Getting Off Social Media: How It Helped Alleviate My Sadness and Depression

Nowadays, it’s common to be part of at least one social media platform. Be it Instagram, Facebook, Snapchat, Twitter or even Tiktok, you’re considered other-worldly if you’re not completely immersed in at least one of them. Young people especially are pressured by society to continuously show off their lives online. I mean, heaven forbid you go one day without telling people what you’re doing, what you ate or even how you’re feeling that day. It’s addictive - and that’s a fact. No really, it’s a fact. Numerous social media experts and executives have gone on record and admitted that platforms such as Facebook and Instagram are designed in such a way that they are ‘deliberately’ addictive. During a talk at Stanford University’s Graduate School of Business, Chamath Palihapitiya, Facebook’s former vice president for user growth stated, “I feel tremendous guilt… I think we have created tools that are ripping apart the social fabric of how society works”. He then went on to say that his children ‘aren’t allowed to use that sh*t’, after admitting that he himself rarely uses Facebook. Tim Cook, Apple’s chief executive, stated when referring to his nephew, “There are some things that I won’t allow. I don’t want them on a social network.” Furthermore, at an event in Philadelphia, Sean Parker, the founding president of Facebook, declared, “it probably interferes with productivity in weird ways. God only knows what it’s doing to our children’s brains.” Need any more proof? Is it any wonder we’re so depressed? If the creators and executives behind these social media platforms understand the dangers of using them and don’t even allow their children to do so, then why do we? Moreover, why isn’t anyone talking about it?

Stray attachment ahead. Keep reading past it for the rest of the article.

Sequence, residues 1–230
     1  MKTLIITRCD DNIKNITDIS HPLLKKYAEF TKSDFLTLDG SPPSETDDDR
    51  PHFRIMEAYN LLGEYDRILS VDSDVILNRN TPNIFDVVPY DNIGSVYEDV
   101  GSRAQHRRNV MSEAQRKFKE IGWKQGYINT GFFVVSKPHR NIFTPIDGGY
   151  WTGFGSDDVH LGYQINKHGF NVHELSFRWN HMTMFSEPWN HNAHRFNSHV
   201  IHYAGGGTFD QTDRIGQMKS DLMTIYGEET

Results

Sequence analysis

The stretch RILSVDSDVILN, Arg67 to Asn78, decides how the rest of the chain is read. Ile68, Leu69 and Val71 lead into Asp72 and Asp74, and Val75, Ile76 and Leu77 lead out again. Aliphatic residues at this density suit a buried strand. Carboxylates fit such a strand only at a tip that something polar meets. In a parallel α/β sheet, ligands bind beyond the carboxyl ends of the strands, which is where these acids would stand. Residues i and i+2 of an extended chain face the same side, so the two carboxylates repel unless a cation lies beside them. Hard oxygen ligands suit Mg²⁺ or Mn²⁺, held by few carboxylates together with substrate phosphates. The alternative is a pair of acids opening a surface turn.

Social Media and How it Affects Mental Health 

Let me suggest to you that maybe, just maybe, a large chunk of your depression and feelings of sadness stem from your constant use of social media. Before you click off this article, just hear me out. As someone who has experienced these thoughts, I am certainly NOT minimising mental health or depression, and I’m not even saying that social media is the only reason for poor mental health. But I can also assure you that I’m not coming completely out of left field. Sean Parker stated that social media ‘literally changes your relationship with society, with each other’, so it’s not that far-fetched to draw links between depression and the use of social media. I know that in my own life, once I began minimising the amount of time I spent on Instagram and Twitter, I felt much happier and much more at peace.